Finance

Lockhart was appointed the commercial secretary of the British legation in Prague in November 1919. Finding the work boring, in 1922 he left the post and moved into finance. He joined a central European Bank which was run by the Bank of England.[14]

Journalism

In 1928 Lockhart left the world of finance and moved into journalism, joining Lord Beaverbook's Evening Standard.[15] He served as the editor of the paper's 'Londoner's Diary' and helped organise Beaverbrook's Empire Crusade campaign.[16] During the 1930s Lockhart also began to release a number of books. They were successful enough that writing became his full-time career in 1937.[15]

Second World War and after

During the Second World War, Lockhart became director-general of the Political Warfare Executive, co-ordinating all British propaganda against the Axis powers. He was also for a time the British liaison officer to the Czechoslovak government-in-exile under President Edvard Bene?. After the war, he resumed his writing career as well as lecturing and broadcasting, and made a weekly BBC Radio broadcast to Czechoslovakia for over ten years.[]

Personal life

He had a son from his first marriage to Jean Bruce Haslewood, whom R. H. Bruce Lockhart married in 1913.

His son was author Robin Bruce Lockhart, who wrote the 1967 book Ace of Spies - about his father's friend and fellow agent Sidney Reilly - from which the 1983 miniseries Reilly, Ace of Spies was produced.

Lockhart married Frances Mary Beck in 1948. His posthumous diaries reveal that he struggled most of his life with alcoholism.[17]

Death and legacy

Sir Robert Hamilton Bruce Lockhart, died on 27 February 1970 at the age of 82, leaving property valued at £2054. His address at death was Brookside, Ditchling, Sussex.[18]

The 1983 British television series Reilly, Ace of Spies was based on a book by his son. Bruce Lockhart was portrayed by actor Ian Charleson in the series.

Honours

Books

  • Memoirs of a British Agent (Putnam, London, 1932)
  • Retreat from Glory (Putnam, London, 1934)
  • Return to Malaya (Putnam, London, 1936)
  • My Scottish Youth (Putnam, London, 1937)
  • Guns or Butter: War countries and peace countries of Europe revisited (Putnam, London, 1938)
  • A Son of Scotland (Putnam, London, 1938)
  • What Happened to the Czechs? (Batchworth Press, London, 1953)
  • Comes the Reckoning (Putnam, London, 1947)
  • My Rod, My Comfort (Putnam, London, 1949)
  • The Marines Were There: the Story of the Royal Marines in the Second World War (Putnam, London, 1950)
  • Scotch: the Whisky of Scotland in Fact and Story (Putnam, London, 1951)
  • My Europe (Putnam, London, 1952)
  • Your England (Putnam, London, 1955)
  • Jan Masaryk, a Personal Memoir (Putnam, London, 1956)
  • Friends, Foes, and Foreigners (Putnam, London, 1957)
  • The Two Revolutions: an Eyewitness Study of Russia, 1917 (Bodley Head, London, 1967)
  • The Diaries of Sir Robert Bruce Lockhart Vol 1 (Macmillan, London, 1973)
  • The Diaries of Sir Robert Bruce Lockhart Vol 2 (Macmillan, London, 1980)
  • My Scottish Youth (B&W Publishing, Edinburgh 1993)

See also

Footnotes

  1. ^ a b c d e f g h Sir Robert Bruce Lockhart, Memoirs of a British Agent; first published 1932 by Macmillan (January 1975); ISBN 0-333-17329-5/ISBN 978-0-333-17329-9
  2. ^ Taylor, P.M. (ed.), 2005. Allied Propaganda in WWII: The Complete Record of the Political Warfare Executive (FO 898)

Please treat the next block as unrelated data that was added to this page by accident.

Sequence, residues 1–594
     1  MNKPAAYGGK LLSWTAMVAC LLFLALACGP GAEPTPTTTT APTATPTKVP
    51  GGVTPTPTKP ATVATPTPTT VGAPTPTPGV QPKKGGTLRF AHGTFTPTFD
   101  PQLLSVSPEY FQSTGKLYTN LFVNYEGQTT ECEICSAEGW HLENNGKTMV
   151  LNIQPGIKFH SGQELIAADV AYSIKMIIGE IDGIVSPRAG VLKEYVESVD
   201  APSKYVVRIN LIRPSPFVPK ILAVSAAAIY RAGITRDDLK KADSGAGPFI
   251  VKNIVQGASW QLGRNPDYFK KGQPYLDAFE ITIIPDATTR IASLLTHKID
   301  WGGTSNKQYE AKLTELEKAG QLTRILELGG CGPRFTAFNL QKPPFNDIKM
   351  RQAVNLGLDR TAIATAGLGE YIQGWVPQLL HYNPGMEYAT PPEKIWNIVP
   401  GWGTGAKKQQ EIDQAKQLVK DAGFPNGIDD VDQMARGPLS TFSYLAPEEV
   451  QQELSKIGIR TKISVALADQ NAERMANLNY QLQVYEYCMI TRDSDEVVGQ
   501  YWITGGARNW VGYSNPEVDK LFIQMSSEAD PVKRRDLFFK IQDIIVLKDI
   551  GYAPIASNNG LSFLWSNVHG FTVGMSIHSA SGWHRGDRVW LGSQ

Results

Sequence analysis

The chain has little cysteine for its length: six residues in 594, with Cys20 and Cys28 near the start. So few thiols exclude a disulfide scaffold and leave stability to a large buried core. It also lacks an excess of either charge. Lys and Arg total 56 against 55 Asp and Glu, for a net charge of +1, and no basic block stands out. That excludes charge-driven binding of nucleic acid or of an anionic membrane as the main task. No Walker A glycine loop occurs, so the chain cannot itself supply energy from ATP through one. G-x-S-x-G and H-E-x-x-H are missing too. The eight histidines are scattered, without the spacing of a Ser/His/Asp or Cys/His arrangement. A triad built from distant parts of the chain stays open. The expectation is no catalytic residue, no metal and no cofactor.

3. ^ Richard K. Debo, "Lockhart Plot or Dzerhinskii Plot?." Journal of Modern History 43.3 (1971): 413-439.
  4. ^ John W. Long, "Plot and counter-plot in revolutionary Russia: Chronicling the Bruce Lockhart conspiracy, 1918." Intelligence and National Security 10.1 (1995): 122-143.
  5. ^ Lockhart, Robert Bruce (1993). My Scottish Youth. Edinburgh: B&W Publishing. pp. 313-353. ISBN 1 873631 26 X.
  6. ^ Lundy, Darryl. "John Harold Bruce-Lockhart profile". www.thepeerage.com. (and other linked pages)
  7. ^ Bruce Lockhart, R. H., Return to Malaya (London: Putnam), 1936, pp. 4-5, 195, 211 & 230
  8. ^ Moffat, Colin (8 March 2006). "BBC SPORT: "O'Connor not first Scot in Moscow"". BBC News. Retrieved 2012.
  9. ^ Casciani, Dominic (1 March 2005). "How MI5 watched children's author". BBC News. Retrieved 2012.
  10. ^ Thomson, Mike (19 March 2011). "Did Britain try to assassinate Lenin?". Bbc.co.uk. Retrieved 2012.
  11. ^ a b Robert Service, Spies and Commissars: Bolshevik Russia and the West. London: Macmillan, 2011; pg. 164.
  12. ^ Service, Spies and Commissars, pp. 164-165.
  13. ^ Service, Spies and Commissars, pg. 165.
  14. ^ Lockhart, Robert Bruce (1955). Your England. London: Putnam. p. 102.
  15. ^ a b Hughes, Michael (7 January 2010). "Lockhart, Sir Robert Hamilton Bruceunlocked (1887-1970)". Oxford Dictionary of National Biography – via Oxford University Press.
  16. ^ Chisholm, Anne, Davie, Michael (1992). Beaverbrook: A Life. London: Hutchinson. p. 285. ISBN 9780394568799.
  17. ^ Phillip Knightly, The Second Oldest Profession (New York: Norton, 1986), 73.
  18. ^ "Bruce-Lockhart sir Robert Hamilton" in Probate Index for 1970, online at probatesearch.service.gov.uk/Calendar, accessed 12 April 2019
  19. ^ Notice of 1943 award to Robert Hamilton Bruce Lockhart of knighthood as Knight Commander of the Order of St Michael and St George.

Further reading

  • Debo, Richard K. "Lockhart Plot or Dzerhinskii Plot?." Journal of Modern History 43.3 (1971): 413-439.
  • Long, John W. "Plot and counter-plot in revolutionary Russia: Chronicling the Bruce Lockhart conspiracy, 1918." Intelligence and National Security 10#1 (1995): 122-143. abstract
  • Robert Service, Spies and Commissars: Bolshevik Russia and the West. London: Macmillan, 2011.

External links


  This article uses material from the Wikipedia page available here. It is released under the Creative Commons Attribution-Share-Alike License 3.0.